The initial history of database scalability was to provide service on ever smaller computers. The first database management systems such as IMS ran on mainframe computers. The second generation, including Ingres, Informix, Sybase, RDB and Oracle emerged on minicomputers. The third generation, including dBase and Oracle (again), ran on personal computers.
During the same period, attention turned to handling more data and more demanding workloads. One key software innovation in the late 1980s was to reduce update locking granularity from tables and disk blocks to individual rows. This eliminated a critical scalability bottleneck, as coarser locks could delay access to rows even though they were not directly involved in a transaction. Earlier systems were completely insensitive to increasing resources.
Once software limitations had been addressed, attention turned to hardware. Innovation occurred in many areas. The first was to support multiprocessor computers. This involved allowing multiple processors to handle database requests simultaneously, without blocking each other. This evolved into support for multi-core processors.
A much more significant change involved allowing distributed transactions to affect data stored on separate computers, using the two-phase commit protocol, establishing the shared-nothing architecture.
Still later, Oracle introduced the shared-everything architecture, which provided full functionality on multi-server clusters.
Another innovation was storing copies of tables on multiple computers (database replication), which both improved availability (processing could continue on a copy even if the main system was unavailable) and scalability particularly for query/analysis, in that requests could be routed to the copy if the primary reached its capacity.
In the early twenty-first century, NoSQL systems gained favor over relational databases for some workloads. Motivations included still greater scalability and support for documents and other "non-relational" data types. Often sacrificed was the strict ACID consistency protocols that guaranteed perfect consistency at all times in favor of eventual consistency that ensured that all nodes would eventually return the latest data. Some even allowed for transactions to occasionally be lost, as long as the system could handle sufficiently many requests. The most prominent early system was Google's BigTable/MapReduce, developed in 2004. It achieved near-linear scalability across multiple server farms, at the cost of features such as multi-row transactions and joins.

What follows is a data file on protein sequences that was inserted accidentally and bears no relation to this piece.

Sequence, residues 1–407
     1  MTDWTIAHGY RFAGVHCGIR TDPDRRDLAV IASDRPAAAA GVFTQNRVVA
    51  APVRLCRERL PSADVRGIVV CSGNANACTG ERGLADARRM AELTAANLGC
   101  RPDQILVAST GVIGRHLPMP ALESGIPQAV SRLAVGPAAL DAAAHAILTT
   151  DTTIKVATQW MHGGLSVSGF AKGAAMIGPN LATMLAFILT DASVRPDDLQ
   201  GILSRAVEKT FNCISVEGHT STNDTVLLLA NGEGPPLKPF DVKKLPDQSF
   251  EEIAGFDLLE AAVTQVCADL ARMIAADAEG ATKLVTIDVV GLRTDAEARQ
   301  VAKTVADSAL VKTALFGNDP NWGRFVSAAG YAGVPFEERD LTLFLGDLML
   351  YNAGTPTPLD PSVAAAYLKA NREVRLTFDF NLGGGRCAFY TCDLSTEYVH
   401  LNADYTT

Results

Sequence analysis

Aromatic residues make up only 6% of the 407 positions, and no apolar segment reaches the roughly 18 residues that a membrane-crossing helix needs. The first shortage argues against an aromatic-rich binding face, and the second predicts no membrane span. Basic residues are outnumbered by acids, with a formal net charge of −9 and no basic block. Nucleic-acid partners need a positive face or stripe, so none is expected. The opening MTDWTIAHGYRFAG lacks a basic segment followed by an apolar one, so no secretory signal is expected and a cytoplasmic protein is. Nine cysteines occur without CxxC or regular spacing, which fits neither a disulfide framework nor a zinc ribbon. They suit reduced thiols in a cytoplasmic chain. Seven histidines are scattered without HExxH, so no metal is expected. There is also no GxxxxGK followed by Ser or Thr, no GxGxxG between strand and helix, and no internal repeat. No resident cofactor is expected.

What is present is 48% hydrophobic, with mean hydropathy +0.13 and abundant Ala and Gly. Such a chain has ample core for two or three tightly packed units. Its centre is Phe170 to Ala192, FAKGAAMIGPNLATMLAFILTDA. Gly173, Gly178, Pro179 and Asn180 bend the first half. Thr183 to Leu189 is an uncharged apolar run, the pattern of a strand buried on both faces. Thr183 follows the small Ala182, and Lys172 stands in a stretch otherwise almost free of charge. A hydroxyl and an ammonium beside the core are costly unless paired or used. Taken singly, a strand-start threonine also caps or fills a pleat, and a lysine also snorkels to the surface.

Database scalability has three basic dimensions: amount of data, volume of requests and size of requests. Requests come in many sizes: transactions generally affect small amounts of data, but may approach thousands per second; analytic queries are generally fewer, but may access more data. A related concept is elasticity, the ability of a system to transparently add and subtract capacity to meet changing workloads.
Vertical database scaling implies that the database system can fully exploit maximally configured systems, including typically multiprocessors with large memories and vast storage capacity. Such systems are relatively simple to administer, but may offer reduced availability. However, any single computer has a maximum configuration. If workloads expand beyond that limit, the choices are either to migrate to a different, still larger system, or to rearchitect the system to achieve horizontal scalability.
Horizontal database scaling involves adding more servers to work on a single workload. Most horizontally scalable systems come with functionality compromises. If an application requires more functionality, migration to a vertically scaled system may be preferable.